Uranium hit a significant milestone this past week. The spot price of the metal rose to $27. That’s up 33% from its lows earlier this year.
Dang. What’s more, this breakout means uranium has room to run — so there’s likely more to come, even in the short term.
I can think of a lot of things investors wish had a chart that looked this good.
Now, I gave you a whole list of forces driving uranium higher in my last article on this topic. Has anything new happened since then?
Let’s start with the fact that there was a big nuclear power conference in London. Bigwigs unveiled lots of analysis at the conference.
For example, analysts at RBC noted that Kazatomprom (the government-owned uranium company in Kazakhstan) is going to take a more-disciplined approach to production. The company now views uranium less as a resource and more as an asset to be managed. And like any investor, they want that asset to go higher.
Meanwhile, Australia’s Department of Industry, Innovation and Science forecasts that the growth in nuclear power will cause world uranium demand to rise to more than 97,000 metric tons (213.8 million pounds) by 2021-’22. That’s up 13% from today. Nice!
To be sure, that’s one estimate. One that says 60 new nuclear power plants will come online by 2020. A more-conservative estimate, from the World Nuclear Association, is that 31 new nuclear reactors will come online by 2020, for a total of 35.2 gigawatts of new capacity.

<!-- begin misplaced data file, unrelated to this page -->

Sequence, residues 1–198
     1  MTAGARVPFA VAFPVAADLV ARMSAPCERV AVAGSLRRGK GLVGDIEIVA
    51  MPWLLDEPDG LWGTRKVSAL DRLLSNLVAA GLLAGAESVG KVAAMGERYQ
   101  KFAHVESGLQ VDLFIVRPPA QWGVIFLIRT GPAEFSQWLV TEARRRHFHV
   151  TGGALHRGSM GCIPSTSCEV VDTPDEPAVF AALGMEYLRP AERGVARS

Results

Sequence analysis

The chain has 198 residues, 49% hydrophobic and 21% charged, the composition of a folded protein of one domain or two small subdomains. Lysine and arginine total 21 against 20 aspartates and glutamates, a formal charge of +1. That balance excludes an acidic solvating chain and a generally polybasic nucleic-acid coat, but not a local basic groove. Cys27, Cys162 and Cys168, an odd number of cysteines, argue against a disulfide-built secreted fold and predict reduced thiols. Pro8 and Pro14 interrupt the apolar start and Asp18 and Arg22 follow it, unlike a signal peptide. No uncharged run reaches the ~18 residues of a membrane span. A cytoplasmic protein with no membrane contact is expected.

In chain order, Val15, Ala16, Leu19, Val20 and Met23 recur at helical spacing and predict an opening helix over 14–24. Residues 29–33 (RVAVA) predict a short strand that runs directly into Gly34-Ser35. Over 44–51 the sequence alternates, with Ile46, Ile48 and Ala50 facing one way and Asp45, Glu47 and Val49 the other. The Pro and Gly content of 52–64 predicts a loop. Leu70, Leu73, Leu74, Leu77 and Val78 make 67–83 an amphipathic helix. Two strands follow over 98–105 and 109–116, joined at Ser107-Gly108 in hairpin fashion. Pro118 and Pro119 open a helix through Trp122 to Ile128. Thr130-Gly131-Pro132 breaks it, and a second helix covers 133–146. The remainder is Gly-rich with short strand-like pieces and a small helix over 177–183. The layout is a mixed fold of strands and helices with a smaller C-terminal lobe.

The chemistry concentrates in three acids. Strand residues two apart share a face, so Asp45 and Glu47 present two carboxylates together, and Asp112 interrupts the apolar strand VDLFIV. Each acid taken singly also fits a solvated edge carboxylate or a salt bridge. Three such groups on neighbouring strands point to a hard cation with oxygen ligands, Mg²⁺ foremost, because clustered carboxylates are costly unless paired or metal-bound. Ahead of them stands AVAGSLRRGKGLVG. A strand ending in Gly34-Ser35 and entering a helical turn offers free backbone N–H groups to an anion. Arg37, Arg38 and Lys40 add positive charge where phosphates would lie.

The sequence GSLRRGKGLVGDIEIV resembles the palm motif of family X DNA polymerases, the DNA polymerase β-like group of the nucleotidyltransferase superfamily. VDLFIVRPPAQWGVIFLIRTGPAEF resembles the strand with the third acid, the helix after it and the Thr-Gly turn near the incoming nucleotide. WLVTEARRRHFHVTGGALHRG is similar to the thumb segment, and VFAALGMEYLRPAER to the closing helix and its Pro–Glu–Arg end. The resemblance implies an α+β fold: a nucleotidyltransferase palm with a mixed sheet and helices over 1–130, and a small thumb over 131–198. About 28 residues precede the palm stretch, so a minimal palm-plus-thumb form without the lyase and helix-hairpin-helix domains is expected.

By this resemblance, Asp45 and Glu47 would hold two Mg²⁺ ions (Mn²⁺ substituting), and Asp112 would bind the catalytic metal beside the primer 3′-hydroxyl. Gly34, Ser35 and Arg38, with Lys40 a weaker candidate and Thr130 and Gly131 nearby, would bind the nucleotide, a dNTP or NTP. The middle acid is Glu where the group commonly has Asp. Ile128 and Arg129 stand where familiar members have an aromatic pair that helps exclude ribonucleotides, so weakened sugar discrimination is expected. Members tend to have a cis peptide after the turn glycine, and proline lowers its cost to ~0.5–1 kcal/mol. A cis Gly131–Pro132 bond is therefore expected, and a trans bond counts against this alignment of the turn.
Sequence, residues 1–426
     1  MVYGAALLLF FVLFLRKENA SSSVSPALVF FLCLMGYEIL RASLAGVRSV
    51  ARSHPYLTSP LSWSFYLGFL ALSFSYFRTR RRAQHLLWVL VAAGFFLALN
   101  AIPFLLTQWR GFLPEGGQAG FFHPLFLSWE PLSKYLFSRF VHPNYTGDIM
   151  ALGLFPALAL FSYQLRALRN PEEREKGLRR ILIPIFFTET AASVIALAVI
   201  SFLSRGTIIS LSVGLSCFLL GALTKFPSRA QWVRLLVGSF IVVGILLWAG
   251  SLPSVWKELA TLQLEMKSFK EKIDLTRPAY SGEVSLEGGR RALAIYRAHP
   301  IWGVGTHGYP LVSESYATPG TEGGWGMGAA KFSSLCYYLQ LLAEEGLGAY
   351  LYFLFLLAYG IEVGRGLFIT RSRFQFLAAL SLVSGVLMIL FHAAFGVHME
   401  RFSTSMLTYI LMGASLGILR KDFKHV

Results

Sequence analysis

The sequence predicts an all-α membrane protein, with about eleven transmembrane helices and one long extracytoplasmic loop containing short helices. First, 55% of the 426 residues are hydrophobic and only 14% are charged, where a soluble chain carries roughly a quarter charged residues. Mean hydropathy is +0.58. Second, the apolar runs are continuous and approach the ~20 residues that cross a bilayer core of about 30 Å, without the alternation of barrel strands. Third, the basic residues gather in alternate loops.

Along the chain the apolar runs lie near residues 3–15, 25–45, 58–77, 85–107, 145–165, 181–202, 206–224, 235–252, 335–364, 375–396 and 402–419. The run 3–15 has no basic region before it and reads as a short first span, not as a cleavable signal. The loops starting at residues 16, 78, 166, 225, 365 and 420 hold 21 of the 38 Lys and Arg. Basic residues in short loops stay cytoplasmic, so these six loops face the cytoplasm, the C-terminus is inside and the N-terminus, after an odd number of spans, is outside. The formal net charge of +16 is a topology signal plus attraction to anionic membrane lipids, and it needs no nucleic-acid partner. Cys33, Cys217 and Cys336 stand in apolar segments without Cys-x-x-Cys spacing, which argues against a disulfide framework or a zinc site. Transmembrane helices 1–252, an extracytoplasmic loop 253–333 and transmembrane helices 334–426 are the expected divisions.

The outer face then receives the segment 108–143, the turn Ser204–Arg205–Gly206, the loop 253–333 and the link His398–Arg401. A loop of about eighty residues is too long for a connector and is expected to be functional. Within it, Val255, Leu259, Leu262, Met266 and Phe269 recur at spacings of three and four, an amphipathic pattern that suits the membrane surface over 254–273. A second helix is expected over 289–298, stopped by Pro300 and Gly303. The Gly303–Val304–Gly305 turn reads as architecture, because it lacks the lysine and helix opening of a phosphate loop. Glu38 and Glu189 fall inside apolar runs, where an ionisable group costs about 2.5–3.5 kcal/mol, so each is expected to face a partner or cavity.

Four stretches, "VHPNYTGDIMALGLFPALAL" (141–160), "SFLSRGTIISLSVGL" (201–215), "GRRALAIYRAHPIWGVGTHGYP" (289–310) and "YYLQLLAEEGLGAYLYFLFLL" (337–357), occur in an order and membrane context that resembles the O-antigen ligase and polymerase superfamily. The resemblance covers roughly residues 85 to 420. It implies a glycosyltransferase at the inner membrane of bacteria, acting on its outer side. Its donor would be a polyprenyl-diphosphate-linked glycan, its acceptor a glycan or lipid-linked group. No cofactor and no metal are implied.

Here’s the list of new reactors from the WNA …
Even Japan — which bears the mental scars of the triple-meltdown at tsunami-struck Fukushima — is building new nuclear plants.
Anyway, the WNA’s estimate of uranium demand is also different, at 210 million pounds a year by 2020.
How can the two projections be so different? Because some analysts are betting on faster approval processes and few-to-no delays. Others look at the history of nuclear power plant construction and say, “eh, we’ll have some bumps along the way.”
But however you slice it, that is surging demand. And longer-term, the picture is much brighter.
Meanwhile, the clock is tick-tick-ticking on the Trump administration’s consideration of a trade dispute complaint by Energy Fuels (NYSE: UUUU) and Ur-Energy (NYSE: URG). They filed a complaint under section 232 of the 1962 Trade Expansion Act. They say foreign suppliers are dumping uranium on the U.S. market, purposely undercutting prices.
Since 90% of the uranium needed for American nuclear reactors comes from abroad, it could be a strategic issue. Hence, the Trump administration is putting it through the Think-o-Later.
What the two U.S. companies would like to see is some kind of set-aside or protection to increase their market share. U.S. utilities want uranium as cheap as possible, so they oppose this. But we’ll find out when the Trump administration makes a decision.
Related story: Trump’s secret order could send gold soaring
In the meantime, I can’t emphasize this enough: Even with the recent surge in prices, uranium is still too cheap to mine.
That’s why Cameco Corp. (NYSE: CCJ) shut down its huge McArthur River uranium mine. It’s cheaper to buy uranium on the spot market than to mine it. It will buy 2 million to 4 million pounds of uranium off the spot market this year, and 9 million to 11 million pounds next year.
So, of course uranium is going higher. And that’s why the Global X Uranium ETF (NYSE: URA) trading 14% below its last peak in June is a freakin’ gift.
Any of the ideas I’ve mentioned in this article will go higher with uranium prices. Which, did I mention, are going higher?
All the best,